How to deal: Switch up positions to see if the other moves are more comfortable for you. Being on top or having your partner behind you might be more enjoyable. But if that’s not working, it’s okay to say no to sex. There are some other fun things you two can do together that don’t involve penetration (think back to high school).
They may look fantastically plump right now, but if your breasts feel sore when your partner touches them, know you’re not alone. Your breasts start getting ready to make milk early on in pregnancy, and that increased blood flow to the chest—particularly during the first trimester—can make them achy and sensitive.
How to deal: Be honest and open with your partner about how uncomfortable it is. They may have to keep their hands off (and you may want less bouncing happening during the deed) for a little while. “Whatever the issue is, it isn’t going to last forever,” reminds Steinhart. Many moms-to-be find the soreness goes away in the second trimester. (You might prefer your partner to keep their hands off later on if you’re breastfeeding too, so the practice is a good idea.)
How to deal: “Your partner has to know it’s not about lack of love,” says Steinhart. “Not only should they not take it personally, but they have to be comfortable being sexual alone.” Explain to your partner that it’s your body that’s not into it right now, not your heart, and that you want to get back on track when you’re feeling better.
Look out for the second trimester: This is the time when pregnancy might actually be making you want sex more than in your pre-pregnancy life. While this can be a good thing, recognize that your libido may not match up with your partner’s. It can sometimes be intimidating for your partner if your sexual energy surpases your usual pattern, Steinhart explains: “Your partner might get worried about not being able to please you.”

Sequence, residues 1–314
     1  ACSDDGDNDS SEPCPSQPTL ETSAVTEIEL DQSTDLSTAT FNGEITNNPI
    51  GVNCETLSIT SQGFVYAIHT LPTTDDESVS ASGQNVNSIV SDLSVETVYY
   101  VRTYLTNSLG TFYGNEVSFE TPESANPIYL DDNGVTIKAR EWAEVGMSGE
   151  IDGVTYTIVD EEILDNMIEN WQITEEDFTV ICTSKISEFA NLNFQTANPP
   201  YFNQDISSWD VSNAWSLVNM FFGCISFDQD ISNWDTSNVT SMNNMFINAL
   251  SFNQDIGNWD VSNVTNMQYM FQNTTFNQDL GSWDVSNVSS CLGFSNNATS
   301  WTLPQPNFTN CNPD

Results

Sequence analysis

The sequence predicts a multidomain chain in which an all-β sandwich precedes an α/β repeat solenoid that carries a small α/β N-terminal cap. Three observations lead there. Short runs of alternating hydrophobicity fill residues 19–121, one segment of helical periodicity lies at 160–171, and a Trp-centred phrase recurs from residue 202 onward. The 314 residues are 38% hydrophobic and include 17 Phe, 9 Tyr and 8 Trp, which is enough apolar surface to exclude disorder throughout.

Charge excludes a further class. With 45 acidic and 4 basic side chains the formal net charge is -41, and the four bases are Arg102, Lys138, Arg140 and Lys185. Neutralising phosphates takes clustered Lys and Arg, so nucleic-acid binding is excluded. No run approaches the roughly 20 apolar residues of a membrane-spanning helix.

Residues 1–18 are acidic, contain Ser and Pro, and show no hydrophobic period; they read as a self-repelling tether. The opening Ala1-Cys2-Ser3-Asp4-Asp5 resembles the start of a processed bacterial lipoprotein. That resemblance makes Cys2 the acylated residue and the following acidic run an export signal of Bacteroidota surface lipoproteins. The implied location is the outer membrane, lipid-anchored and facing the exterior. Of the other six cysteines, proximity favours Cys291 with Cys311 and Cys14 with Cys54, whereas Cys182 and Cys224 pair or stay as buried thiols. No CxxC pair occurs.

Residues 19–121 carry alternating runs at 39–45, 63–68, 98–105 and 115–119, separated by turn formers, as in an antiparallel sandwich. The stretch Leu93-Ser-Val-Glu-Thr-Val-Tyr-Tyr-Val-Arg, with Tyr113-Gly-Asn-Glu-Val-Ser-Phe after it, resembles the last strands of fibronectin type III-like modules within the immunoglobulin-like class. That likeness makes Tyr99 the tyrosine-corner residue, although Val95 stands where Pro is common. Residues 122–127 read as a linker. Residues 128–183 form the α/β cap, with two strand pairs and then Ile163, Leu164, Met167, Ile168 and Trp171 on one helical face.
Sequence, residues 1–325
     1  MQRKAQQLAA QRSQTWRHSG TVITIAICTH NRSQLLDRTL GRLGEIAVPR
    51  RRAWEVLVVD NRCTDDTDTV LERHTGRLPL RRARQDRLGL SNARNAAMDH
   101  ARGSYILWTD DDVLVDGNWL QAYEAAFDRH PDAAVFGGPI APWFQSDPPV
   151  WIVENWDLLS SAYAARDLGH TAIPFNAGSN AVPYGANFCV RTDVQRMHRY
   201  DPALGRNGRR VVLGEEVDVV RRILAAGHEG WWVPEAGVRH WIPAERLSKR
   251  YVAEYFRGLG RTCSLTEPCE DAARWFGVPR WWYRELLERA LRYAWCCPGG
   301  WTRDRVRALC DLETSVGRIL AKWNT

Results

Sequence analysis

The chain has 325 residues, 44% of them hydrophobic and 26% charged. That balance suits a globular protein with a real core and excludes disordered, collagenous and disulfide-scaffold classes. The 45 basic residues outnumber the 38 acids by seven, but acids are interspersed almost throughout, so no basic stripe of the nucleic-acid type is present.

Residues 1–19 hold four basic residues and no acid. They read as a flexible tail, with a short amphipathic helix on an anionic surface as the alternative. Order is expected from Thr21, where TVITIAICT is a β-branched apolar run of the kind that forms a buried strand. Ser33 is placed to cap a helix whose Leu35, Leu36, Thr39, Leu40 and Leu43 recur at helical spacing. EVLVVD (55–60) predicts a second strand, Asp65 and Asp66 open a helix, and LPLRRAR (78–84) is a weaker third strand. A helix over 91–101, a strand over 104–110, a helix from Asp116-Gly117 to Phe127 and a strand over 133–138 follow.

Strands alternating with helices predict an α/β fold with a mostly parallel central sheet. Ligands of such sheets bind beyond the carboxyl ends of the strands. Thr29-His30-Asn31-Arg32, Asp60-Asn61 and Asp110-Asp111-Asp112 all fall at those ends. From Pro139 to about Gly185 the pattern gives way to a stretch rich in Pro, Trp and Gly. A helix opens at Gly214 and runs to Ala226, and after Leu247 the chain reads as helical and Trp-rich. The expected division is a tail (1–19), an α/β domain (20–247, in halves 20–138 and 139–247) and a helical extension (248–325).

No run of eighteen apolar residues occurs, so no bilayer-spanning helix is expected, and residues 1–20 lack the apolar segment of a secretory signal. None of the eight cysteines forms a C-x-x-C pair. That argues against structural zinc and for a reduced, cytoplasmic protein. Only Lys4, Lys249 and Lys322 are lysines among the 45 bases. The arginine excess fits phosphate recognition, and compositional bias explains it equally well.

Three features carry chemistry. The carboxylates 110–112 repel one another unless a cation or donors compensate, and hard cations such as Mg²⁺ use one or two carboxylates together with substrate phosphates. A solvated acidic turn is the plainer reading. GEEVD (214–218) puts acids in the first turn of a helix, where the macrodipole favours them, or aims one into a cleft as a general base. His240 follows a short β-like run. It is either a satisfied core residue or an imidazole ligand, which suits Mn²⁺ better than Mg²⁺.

How to deal: If your libido isn’t in sync with your partner’s, don’t be afraid to go solo. Your partner can always jump in later on or include themselves in ways that may not be typical for you in the bedroom.
Your partner may be worried about hurting baby (they won’t) or baby “knowing” you’re having sex. Or, perhaps they’re just not in the mood (hey, it happens!).
How to deal: Show them the facts. “The baby is protected and will not get hurt,” says Steinhart. Unless you have a certain condition that would prompt your doctor to caution against sex, it’s deemed perfectly safe during pregnancy. And we promise baby won’t know what’s going on—they just know you’re moving around.
The most important thing to remember as you navigate sex during pregnancy? Keep an open line of clear communication with your partner to ensure both of your needs are being met.
Please note: The Bump and the materials and information it contains are not intended to, and do not constitute, medical or other health advice or diagnosis and should not be used as such. You should always consult with a qualified physician or health professional about your specific circumstances.